STEVE INSKEEP, HOST:
People may think of Latinos as Catholics. But, of course, this giant group is far more complex than that. In Oregon, the numbers of Latino Episcopalians has increased more than five-fold over the past decade. The church is also seeing considerably higher Latino membership in Nevada and in Washington, D.C. Church leaders say the influx is, in part, because the denomination's worship services look and sound familiar to Hispanics who were raised in the Catholic Church.
But as the Northwest News Network's Chris Lehman reports, the Episcopal Church is also luring Latinos with a focused marketing campaign.
CHRIS LEHMAN, BYLINE: The 10 o'clock High Mass at Saints Peter and Paul Episcopal Church in Portland, Oregon, probably sounds a lot like it did when the congregation was founded nearly a century ago.
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LEHMAN: Father Kurt Neilson leads the liturgy, as he has for the past 17 years. He says attendance at the two morning services has been relatively flat. The real growth is in the afternoon.
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LEHMAN: A few years ago, Saints Peter and Paul added a weekly Spanish language Mass or Misa. The English-speaking members of the congregation wanted to reach out to the growing number of Latinos in this working-class neighborhood. Neilson says the new service took off quickly.
FATHER KURT NEILSON: These are folks who are very unselfconscious about inviting one another to church.
LEHMAN: Neilson leads the Spanish language service too. He says many of the people who attend are former Catholics, so is Neilson. He went to a Catholic seminary before joining the Episcopal Church nearly 30 years ago. And he thinks that might be helping him connect to the Latino members in his congregation.
NEILSON: I can still, if you will, speak a fluent Roman Catholic.
NEILSON: You know, not that we're misrepresenting ourselves. We're very clear, this is the Episcopal Church. I tell them that I have a wife and children.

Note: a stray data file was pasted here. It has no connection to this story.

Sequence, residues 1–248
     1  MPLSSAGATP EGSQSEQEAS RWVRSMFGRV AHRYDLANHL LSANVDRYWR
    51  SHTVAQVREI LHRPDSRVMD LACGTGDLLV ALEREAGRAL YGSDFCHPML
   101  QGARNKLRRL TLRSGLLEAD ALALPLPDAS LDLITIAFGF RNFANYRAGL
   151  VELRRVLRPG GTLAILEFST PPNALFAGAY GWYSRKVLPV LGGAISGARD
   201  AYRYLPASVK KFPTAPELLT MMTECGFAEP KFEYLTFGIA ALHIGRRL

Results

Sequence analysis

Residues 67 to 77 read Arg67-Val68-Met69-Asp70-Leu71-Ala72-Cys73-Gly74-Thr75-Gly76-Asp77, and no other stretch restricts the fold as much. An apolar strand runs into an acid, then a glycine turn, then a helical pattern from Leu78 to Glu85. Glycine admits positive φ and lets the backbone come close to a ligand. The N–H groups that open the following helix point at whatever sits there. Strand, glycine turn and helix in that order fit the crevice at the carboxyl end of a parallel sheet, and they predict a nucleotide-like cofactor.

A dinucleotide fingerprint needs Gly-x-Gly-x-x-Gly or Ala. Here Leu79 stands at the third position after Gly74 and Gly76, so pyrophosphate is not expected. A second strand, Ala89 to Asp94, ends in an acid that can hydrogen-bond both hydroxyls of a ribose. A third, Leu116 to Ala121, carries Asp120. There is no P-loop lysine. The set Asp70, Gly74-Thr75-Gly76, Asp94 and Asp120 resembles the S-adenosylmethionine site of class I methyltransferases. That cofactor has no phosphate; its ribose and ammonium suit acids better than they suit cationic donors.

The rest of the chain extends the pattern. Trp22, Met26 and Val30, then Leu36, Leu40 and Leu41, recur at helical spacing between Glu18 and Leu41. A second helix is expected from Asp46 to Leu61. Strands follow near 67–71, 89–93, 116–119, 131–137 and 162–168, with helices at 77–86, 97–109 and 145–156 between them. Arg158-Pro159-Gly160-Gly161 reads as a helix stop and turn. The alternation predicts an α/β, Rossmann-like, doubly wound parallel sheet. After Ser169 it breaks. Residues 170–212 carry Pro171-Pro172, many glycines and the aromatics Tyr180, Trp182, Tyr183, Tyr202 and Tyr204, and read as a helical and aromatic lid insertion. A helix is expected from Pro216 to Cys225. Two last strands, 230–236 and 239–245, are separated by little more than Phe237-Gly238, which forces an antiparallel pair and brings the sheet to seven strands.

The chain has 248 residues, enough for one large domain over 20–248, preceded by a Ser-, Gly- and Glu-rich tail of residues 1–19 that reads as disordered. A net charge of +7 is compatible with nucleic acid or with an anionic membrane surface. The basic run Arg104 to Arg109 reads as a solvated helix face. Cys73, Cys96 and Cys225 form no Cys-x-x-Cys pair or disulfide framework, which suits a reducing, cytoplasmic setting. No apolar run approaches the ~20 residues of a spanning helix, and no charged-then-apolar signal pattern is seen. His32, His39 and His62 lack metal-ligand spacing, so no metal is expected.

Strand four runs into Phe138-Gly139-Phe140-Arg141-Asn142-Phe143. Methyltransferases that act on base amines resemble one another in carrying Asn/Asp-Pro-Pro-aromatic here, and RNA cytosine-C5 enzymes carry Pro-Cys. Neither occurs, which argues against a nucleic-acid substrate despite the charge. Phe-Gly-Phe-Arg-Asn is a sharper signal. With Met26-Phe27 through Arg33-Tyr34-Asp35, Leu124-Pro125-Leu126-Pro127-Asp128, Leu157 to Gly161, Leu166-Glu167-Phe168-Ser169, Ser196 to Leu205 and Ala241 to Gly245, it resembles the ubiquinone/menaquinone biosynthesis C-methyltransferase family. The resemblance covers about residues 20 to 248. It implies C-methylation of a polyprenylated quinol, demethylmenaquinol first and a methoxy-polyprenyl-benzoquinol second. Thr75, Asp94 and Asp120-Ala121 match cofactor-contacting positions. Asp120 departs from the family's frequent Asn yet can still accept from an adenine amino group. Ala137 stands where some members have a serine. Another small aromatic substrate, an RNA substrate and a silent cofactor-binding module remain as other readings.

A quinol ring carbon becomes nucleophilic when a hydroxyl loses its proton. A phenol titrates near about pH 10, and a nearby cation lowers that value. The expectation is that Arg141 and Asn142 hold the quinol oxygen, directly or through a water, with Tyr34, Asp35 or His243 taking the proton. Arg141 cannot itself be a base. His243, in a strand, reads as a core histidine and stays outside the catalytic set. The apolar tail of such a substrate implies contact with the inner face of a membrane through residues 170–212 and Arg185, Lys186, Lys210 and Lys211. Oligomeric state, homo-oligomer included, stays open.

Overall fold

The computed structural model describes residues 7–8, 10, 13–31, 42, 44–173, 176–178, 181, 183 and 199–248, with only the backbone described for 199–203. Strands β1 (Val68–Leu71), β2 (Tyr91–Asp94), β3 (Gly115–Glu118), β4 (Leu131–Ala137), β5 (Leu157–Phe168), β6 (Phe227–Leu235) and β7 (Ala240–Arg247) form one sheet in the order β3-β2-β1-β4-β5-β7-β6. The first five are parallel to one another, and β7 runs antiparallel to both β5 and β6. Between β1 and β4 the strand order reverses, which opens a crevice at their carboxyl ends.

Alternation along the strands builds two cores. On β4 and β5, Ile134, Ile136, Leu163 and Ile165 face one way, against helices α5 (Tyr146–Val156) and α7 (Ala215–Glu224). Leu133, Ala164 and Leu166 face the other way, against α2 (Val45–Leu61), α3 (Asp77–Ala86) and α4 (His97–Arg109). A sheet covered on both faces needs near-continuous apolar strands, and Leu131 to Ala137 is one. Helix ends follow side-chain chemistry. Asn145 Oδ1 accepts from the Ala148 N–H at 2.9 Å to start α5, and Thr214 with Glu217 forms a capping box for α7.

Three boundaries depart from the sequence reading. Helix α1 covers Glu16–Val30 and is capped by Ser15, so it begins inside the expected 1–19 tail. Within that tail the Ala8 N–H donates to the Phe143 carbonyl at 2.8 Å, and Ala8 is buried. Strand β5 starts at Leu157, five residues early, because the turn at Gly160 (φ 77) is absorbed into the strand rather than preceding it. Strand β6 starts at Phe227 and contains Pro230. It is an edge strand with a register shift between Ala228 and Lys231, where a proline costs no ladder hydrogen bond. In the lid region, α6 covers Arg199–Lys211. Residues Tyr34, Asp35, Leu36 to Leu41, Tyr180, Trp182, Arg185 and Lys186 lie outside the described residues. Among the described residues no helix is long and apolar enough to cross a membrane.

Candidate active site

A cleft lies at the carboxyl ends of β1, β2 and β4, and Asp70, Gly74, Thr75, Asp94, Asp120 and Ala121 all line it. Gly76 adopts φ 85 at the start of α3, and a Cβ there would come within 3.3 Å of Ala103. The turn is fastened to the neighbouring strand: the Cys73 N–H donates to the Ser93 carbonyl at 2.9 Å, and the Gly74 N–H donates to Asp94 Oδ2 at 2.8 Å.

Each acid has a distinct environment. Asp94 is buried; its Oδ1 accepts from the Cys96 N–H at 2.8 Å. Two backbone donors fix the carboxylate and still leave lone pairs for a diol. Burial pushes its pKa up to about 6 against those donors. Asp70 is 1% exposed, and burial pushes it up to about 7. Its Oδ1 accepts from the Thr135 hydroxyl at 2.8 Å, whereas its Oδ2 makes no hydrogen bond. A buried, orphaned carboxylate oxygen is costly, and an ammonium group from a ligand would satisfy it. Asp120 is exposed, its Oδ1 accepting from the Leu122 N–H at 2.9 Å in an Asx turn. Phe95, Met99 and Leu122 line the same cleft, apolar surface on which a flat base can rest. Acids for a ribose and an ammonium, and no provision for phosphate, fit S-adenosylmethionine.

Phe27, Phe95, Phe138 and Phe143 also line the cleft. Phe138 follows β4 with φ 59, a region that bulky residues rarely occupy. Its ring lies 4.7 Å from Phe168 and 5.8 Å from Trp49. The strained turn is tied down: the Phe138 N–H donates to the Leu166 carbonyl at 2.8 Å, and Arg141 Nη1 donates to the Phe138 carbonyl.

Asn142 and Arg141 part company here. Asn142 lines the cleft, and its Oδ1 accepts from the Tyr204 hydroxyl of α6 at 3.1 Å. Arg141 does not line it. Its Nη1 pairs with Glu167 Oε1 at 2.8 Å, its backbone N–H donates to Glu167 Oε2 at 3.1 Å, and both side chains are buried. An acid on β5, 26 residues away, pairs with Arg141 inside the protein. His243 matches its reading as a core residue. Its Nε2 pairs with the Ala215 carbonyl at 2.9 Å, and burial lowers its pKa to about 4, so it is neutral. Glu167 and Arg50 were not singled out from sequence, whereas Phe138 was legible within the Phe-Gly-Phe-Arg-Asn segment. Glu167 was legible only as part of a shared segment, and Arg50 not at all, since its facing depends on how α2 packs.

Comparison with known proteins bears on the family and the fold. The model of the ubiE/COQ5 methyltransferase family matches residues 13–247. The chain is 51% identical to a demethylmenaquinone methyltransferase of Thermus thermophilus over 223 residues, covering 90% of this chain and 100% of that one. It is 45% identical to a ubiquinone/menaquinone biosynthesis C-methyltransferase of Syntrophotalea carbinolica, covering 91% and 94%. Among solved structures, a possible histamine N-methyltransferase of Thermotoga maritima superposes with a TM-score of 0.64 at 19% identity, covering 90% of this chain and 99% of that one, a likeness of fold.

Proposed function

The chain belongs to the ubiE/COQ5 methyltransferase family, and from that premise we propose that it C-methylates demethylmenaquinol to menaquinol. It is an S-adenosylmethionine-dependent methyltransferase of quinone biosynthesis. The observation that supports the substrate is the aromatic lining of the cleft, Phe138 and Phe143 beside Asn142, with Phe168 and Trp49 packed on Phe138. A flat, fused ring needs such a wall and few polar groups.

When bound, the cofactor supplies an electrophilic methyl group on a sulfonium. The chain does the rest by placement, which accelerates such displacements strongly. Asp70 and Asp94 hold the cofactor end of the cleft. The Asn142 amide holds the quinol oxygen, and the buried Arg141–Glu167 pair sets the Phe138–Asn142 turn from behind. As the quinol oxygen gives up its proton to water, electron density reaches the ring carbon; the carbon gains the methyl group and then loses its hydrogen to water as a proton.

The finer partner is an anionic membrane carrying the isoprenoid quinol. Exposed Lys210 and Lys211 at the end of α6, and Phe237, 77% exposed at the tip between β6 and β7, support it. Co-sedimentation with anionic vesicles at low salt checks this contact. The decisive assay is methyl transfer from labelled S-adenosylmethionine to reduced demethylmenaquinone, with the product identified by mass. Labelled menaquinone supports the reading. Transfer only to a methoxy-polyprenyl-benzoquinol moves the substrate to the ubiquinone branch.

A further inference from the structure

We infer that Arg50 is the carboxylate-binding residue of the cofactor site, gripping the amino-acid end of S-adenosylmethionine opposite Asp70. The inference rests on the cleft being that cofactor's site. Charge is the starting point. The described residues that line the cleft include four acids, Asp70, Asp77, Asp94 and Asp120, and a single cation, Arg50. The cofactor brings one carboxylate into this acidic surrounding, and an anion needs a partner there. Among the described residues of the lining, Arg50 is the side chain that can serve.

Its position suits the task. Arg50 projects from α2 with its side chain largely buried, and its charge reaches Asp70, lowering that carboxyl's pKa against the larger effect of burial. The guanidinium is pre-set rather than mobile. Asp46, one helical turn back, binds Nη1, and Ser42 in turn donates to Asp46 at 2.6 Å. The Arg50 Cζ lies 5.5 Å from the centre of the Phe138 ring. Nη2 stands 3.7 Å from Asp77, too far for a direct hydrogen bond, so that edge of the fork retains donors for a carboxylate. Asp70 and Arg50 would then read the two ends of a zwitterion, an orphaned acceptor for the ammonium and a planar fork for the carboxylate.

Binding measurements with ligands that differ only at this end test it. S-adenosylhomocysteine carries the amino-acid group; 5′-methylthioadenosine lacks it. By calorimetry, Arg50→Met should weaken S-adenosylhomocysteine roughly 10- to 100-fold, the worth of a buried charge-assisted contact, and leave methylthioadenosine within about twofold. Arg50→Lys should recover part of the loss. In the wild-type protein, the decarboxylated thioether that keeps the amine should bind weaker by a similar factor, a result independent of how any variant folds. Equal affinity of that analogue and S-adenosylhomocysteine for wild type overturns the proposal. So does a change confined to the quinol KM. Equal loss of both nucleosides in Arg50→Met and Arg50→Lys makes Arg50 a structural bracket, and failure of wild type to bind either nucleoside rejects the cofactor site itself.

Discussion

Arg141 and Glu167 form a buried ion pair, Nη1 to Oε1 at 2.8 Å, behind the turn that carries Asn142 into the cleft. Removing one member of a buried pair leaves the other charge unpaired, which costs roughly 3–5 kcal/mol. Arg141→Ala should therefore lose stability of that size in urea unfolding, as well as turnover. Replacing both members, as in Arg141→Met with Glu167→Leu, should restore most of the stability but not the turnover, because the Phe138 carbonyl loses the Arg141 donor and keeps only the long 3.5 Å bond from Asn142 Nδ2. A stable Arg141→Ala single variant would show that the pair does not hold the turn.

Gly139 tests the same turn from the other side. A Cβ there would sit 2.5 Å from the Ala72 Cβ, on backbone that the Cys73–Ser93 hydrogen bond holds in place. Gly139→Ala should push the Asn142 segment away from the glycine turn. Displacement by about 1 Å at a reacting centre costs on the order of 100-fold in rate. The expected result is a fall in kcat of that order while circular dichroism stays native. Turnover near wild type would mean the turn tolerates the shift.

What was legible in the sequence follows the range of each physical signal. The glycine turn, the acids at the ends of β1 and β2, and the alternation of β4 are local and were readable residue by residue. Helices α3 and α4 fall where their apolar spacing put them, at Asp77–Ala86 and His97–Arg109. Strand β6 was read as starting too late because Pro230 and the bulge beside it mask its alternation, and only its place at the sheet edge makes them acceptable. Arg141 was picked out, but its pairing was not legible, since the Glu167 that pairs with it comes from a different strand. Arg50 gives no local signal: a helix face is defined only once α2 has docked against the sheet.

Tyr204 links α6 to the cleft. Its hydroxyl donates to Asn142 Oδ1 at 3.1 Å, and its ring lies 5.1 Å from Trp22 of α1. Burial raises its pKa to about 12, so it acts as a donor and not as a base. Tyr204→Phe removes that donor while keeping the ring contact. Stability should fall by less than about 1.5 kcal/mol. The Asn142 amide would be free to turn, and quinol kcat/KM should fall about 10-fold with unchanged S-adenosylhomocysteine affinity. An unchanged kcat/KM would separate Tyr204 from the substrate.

LEHMAN: Married priests aren't the only major difference. Episcopalians have been making headlines for their increasingly liberal stance on social issues, such as same-sex marriage. But that isn't necessarily why Latinos are flocking to Episcopal churches in Oregon and elsewhere.
For Jorge Chavez, it was as simple as moving into a new neighborhood and finding a nearby church that felt familiar.
JORGE CHAVEZ: To me, church is a church. It's still the same God, same beliefs. So for me it's basically is no difference.
LEHMAN: In fact, the broader Episcopal Church itself notes that the similarity to Catholic services is one of the selling points for Latinos. Here in Oregon, Hispanics now make up about six percent of the Episcopal Church. A denomination-wide outreach plan notes that Hispanics represent a huge growth potential. The plan outlines strategies to reach Latinos, including focusing efforts on first and second generation women, who the church calls Gatekeepers.
ROBERTO ARCINIEGA: We need to have that intentionality.
LEHMAN: Roberto Arciniega is head of Latino Ministries for the Episcopal Diocese of Oregon. He says the outreach is about staying vital and relevant in a multicultural society. And it's a shift in how his church views Latinos.
ARCINIEGA: We have the tendency to stereotype. And many times we said, oh, poor Latinos. They, you know, they're coming here because they don't have anything to eat in their country. So let's give them a hand-out and let's give them something.
LEHMAN: Arciniega says now, Latino outreach is about inviting people to stay and be a part of the congregation. In Oregon, the efforts are paying off. Ten years ago, there were just 150 Latino Episcopalians. Now, there are more than 800. But nationally, according to the Pew Research Center, just five percent of all Hispanics attend a mainline Protestant church. The vast majority are Roman Catholic.
Back at Saints Peter and Paul in Portland, Steve Hiscoe munches on a snack during a coffee hour between the English and Spanish language services. The conversation around us is entirely in English. Nobody from the Spanish service has showed up early to socialize. Hiscoe says that's not unusual.
STEVE HISCOE: We had a barbeque here on the lawn a month or so ago. And both congregations came, but the Latinos mostly sat with the Latinos and the English sat with the Anglos.
LEHMAN: So there's still some bridge-building to do. For his part, Hiscoe says he's learning Spanish. And remember the music we heard earlier from the Spanish language Mass? That was Hiscoe on guitar.
For NPR News, I'm Chris Lehman. Transcript provided by NPR, Copyright National Public Radio.